Sunday, October 16, 2011

MONTREAL: A WALK IN THE PARK AND SAINT JOSEPH'S ORATORY

After finishing up at Premiere Moisson Bakery (see last post), it was obvious that we needed to work off some calories.  The next place we wanted to see was St. Joseph's Oratory, and we knew it was somewhere on nearby Mount Royal, so we decided to just walk to it.  How far could it be? There was a bit of interesting scenery on the way:
I don't get it.  Any ideas?
Our "little walk" turned out to be a mountain climb.  We found the mountain, which isn't hard to miss since it is the only real piece of elevation in Montreal.  We started up and found out it was just a bit bigger than anticipated.
The park was designed by Frederick Law Olmsted, who also designed New York's Central Park. He must have really liked BIG parks. Unlike Central Park's flat terrain, however, this park just keeps going up.  In some places it was so steep that it required staircases:

However, the view from the top was well worth the hike:
The day had started out cold and drizzly, so we hauled out the rain jackets.  Big mistake.


A couple of hours later and on the opposite side of the mountain from where we started, we finally found St. Joseph's Oratory. Completed in 1967, it is the largest church in Canada and has the third largest dome of its kind in the world behind one in the Ivory Coast and St. Peter's Basilica in Rome. See those steps in the middle that are kind of green? They are roped off and reserved for penitents who climb them on their knees. We saw a man doing this while we were there, and he stopped to cross himself on each step:
St. Joseph's Oratory, Montreal. There are exactly 100 steps.
Remember how Notre Dame in Montreal reminded me of Notre Dame in Paris? Well, St. Joseph's reminded me of another famous Parisian cathedral: Sacre Coeur:
Sacre Coeur, Paris
I loved the stylized name of St. Joseph on the front:
In fact, I loved that this church was dedicated to Joseph, that oft forgotten part of the nativity:

Yes, once we got to the top of that long staircase, there were even MORE stairs that took us to the small chapel behind the main one. We definitely did our fair share of stairs:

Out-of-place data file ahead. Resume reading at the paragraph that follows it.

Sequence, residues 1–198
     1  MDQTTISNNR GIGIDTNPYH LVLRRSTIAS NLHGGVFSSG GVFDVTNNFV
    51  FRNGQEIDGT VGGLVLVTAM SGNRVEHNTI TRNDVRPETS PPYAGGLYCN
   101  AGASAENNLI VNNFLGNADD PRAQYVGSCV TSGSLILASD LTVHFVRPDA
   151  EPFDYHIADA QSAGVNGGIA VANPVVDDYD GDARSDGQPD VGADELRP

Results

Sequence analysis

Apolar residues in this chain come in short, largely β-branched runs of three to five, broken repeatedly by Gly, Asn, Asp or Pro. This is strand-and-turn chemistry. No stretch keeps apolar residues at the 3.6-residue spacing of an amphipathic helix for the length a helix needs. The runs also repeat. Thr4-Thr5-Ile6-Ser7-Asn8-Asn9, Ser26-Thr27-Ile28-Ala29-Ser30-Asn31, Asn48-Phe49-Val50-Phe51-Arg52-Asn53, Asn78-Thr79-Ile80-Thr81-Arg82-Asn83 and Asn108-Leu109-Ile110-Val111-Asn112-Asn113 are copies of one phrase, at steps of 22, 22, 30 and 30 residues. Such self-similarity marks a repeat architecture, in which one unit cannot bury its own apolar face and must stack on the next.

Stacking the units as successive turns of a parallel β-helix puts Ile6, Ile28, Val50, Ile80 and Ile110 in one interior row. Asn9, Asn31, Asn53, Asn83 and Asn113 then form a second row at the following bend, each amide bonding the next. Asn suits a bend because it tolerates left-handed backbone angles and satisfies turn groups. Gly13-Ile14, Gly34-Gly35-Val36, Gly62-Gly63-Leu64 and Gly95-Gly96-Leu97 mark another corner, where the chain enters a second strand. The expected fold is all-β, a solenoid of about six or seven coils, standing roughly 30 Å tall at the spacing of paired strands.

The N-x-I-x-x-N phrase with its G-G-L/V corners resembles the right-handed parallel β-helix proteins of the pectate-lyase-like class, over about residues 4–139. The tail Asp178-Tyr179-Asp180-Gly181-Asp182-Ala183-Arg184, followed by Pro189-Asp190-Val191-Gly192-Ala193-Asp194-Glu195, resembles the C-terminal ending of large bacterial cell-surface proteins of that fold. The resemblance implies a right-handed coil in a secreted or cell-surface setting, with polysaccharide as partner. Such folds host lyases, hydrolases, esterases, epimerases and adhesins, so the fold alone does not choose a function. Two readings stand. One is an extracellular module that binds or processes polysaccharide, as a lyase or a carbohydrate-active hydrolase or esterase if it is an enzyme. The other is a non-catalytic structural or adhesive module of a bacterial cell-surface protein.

There we found a sweet tribute to Joseph and his many roles, each one a prayer station for those with particular needs:
Sprinkled among the stations were walls of canes and crutches that once belonged to those who were healed through St. Joseph's intercession:
One of about ten such stockpiles
The construction of this building was largely due to one man, Andre Bessette, a Catholic priest who was eventually beatified (1982) and then canonized as a saint just last year.  His heart is in the reliquary (yes, his actual heart), placed there on his request as a protection for the oratory. This isn't a very good picture of the heart, but you can at least see how it is displayed:

We finally made our way into the main structure, which was interesting but not necessarily my favorite cathedral-type building:
However, I did love the bright, modern, downright cheerful stained glass windows:


The sun hit them just right to shine through and create this doppelganger on the wall:


My favorite part of the Oratory, and the reason I would come back for another visit, was the series of bas-reliefs depicting the crucifixion of Christ that were sprinkled about the nave on freestanding walls.  If I had to choose two words to describe the artist's attitude, I would choose "tender" and "quiet."  There was a delicate softness to these sculptures that truly moved me, and I loved that Christ was so often depicted with others, particularly with women, instead of as a solitary sufferer. Judge for yourself:








Worth a visit, don't you think?

3 comments:

  1. I like your observation that Christ was not alone, but with others. I wouldn't mind going back. Still lots to see in Montreal that we didn't get to.

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  2. The bas reliefs of the Stations of the Cross were an interesting touch, and better than a lot of them that I've seen in other cathedrals. You guys really were glutton for punishment for stairs. At the side of the first grand set was a small entry hall, with two sets of escalators, then another set of escalators up to the main cathedral. Instead you took the stone steps up to the crypt (and what we are calling ythe votive hallway). You really earned your Montreal Stair Master Award!!

    I liked your write-up, so I'm just going to post photos and know that if they Google St. Joseph's, they'll find your excellent post. I wish we'd had sun to get a shining stained glass moment. Maybe that's why it seemed so dreary to me, was all the rain and dark clouds.

    Thinking of you while we're here--
    E.

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